5《Ripples of the Dripping Clocks》
In a continuation of his previous works, Hirano’s criticisms of 2000s-era society become harsher, expanding and deepening.
In The Final Metamorphosis, a young boy's monologue depicts the struggles of the lost generation in an overlap of his own circumstances with those of Kafka's The Metamorphosis. Les Petites Passions grips with a flood of nostalgia for self-destructive reveries. Told through the medium of palindromic poems, The Trapped Boy is caught in a web of irreparable sins, while The Computer of Babel is a contemporary revival of Borges. With rich imagination and overflowing with novel expressions, The First Seven Days is a gem of classical tranquility, realizing the vision of reconciliation between a father and son. This is a treasure trove of potential forming the core of Hirano's second period.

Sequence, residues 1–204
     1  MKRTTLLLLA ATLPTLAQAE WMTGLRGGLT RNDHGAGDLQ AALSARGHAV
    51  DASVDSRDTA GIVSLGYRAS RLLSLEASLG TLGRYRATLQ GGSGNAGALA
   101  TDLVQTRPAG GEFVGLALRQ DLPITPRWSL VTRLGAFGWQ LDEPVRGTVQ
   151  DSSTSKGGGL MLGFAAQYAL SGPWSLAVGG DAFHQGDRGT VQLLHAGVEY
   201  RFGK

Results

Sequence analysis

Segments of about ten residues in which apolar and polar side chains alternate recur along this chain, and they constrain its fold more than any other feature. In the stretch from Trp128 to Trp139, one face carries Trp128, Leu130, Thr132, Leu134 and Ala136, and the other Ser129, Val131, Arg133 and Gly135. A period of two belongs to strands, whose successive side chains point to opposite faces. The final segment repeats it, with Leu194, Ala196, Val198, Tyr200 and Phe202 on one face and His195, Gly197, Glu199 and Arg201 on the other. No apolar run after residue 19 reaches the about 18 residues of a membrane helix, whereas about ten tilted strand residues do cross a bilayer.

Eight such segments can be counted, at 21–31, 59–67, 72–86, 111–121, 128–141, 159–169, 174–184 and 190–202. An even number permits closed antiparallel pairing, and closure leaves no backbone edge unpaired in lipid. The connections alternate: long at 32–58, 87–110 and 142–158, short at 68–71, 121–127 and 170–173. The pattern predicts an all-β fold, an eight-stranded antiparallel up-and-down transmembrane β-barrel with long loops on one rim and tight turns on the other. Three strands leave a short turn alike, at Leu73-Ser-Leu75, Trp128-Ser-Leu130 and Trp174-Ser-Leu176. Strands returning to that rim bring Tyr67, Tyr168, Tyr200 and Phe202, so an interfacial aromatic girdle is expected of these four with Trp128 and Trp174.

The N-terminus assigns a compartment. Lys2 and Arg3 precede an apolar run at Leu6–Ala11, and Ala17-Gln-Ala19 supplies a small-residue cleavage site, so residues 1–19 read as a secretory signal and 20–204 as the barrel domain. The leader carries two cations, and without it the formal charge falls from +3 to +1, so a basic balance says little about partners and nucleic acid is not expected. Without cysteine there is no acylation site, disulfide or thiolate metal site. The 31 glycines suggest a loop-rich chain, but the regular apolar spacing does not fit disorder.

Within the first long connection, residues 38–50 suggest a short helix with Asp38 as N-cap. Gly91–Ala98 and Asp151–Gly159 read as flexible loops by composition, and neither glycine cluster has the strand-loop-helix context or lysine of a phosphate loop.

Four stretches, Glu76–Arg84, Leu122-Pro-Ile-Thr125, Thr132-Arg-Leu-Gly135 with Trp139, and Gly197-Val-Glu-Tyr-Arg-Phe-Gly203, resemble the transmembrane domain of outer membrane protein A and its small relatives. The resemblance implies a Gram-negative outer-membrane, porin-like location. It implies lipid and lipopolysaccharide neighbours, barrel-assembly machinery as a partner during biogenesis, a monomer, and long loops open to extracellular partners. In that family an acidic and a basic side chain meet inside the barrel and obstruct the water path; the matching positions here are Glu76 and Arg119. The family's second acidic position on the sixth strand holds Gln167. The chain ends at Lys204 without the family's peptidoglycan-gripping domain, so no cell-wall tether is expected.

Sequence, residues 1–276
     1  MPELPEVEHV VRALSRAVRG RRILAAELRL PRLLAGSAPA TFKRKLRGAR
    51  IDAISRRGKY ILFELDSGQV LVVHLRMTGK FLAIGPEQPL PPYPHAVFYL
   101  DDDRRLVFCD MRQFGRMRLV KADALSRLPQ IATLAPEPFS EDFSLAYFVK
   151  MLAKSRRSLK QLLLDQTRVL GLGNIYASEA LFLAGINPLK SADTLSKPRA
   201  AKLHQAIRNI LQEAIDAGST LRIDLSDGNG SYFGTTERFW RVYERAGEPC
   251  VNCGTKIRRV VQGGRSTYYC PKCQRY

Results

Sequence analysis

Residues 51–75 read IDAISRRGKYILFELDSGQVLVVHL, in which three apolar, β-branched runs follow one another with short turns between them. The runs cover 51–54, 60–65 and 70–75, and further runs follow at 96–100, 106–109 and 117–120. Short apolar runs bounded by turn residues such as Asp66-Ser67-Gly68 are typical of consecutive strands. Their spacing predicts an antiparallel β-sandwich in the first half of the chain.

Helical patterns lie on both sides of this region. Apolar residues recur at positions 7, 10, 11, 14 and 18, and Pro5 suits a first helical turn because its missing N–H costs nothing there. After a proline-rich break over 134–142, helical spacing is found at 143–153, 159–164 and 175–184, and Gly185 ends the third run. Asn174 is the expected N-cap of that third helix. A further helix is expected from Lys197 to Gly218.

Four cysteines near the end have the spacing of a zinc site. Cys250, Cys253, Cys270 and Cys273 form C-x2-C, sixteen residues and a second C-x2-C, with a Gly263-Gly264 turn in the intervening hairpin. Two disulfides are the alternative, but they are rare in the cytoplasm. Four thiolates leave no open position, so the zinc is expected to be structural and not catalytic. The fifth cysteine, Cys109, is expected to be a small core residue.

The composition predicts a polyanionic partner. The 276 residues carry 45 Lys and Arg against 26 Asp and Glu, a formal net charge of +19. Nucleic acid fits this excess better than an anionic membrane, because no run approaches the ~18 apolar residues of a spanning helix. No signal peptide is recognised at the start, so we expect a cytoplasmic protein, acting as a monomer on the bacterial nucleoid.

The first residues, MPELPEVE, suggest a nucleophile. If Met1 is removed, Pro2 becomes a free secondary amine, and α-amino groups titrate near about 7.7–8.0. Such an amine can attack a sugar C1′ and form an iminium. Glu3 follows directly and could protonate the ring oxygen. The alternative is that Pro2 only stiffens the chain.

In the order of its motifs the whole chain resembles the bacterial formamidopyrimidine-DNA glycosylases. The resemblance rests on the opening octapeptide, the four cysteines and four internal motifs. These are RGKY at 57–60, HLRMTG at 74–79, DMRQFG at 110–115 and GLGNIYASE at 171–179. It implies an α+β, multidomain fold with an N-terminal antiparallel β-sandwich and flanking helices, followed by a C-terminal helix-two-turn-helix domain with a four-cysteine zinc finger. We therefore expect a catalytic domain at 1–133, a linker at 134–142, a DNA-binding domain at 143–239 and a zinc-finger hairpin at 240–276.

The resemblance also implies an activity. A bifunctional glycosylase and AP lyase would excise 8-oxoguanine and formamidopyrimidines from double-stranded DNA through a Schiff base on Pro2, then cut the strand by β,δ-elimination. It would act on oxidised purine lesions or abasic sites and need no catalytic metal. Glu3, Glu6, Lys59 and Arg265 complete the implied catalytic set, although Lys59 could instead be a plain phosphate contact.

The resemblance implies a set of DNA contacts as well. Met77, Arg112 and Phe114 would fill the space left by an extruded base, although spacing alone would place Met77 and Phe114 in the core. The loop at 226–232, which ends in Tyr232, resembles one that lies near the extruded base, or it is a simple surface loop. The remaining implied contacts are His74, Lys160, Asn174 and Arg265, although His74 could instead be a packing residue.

Daytime（『Yomiuri Newspepar Osaka』Morning newspaper 2003/4/8）
The First Seven Days（『Bungakukai』2003/6）
The Trapped Boy（『Gunzo』2003/11）
Near Death in the Afternoon and The Brothers of the Cliffs Where the Waves Crash（『Gunzo』2003/11）
les pettites Passions（『Gunzo』2003/11）
The Final Metamorphosis（『Shincho』2003/9）
The Computer of Babel （『Bungakukai』2004/1）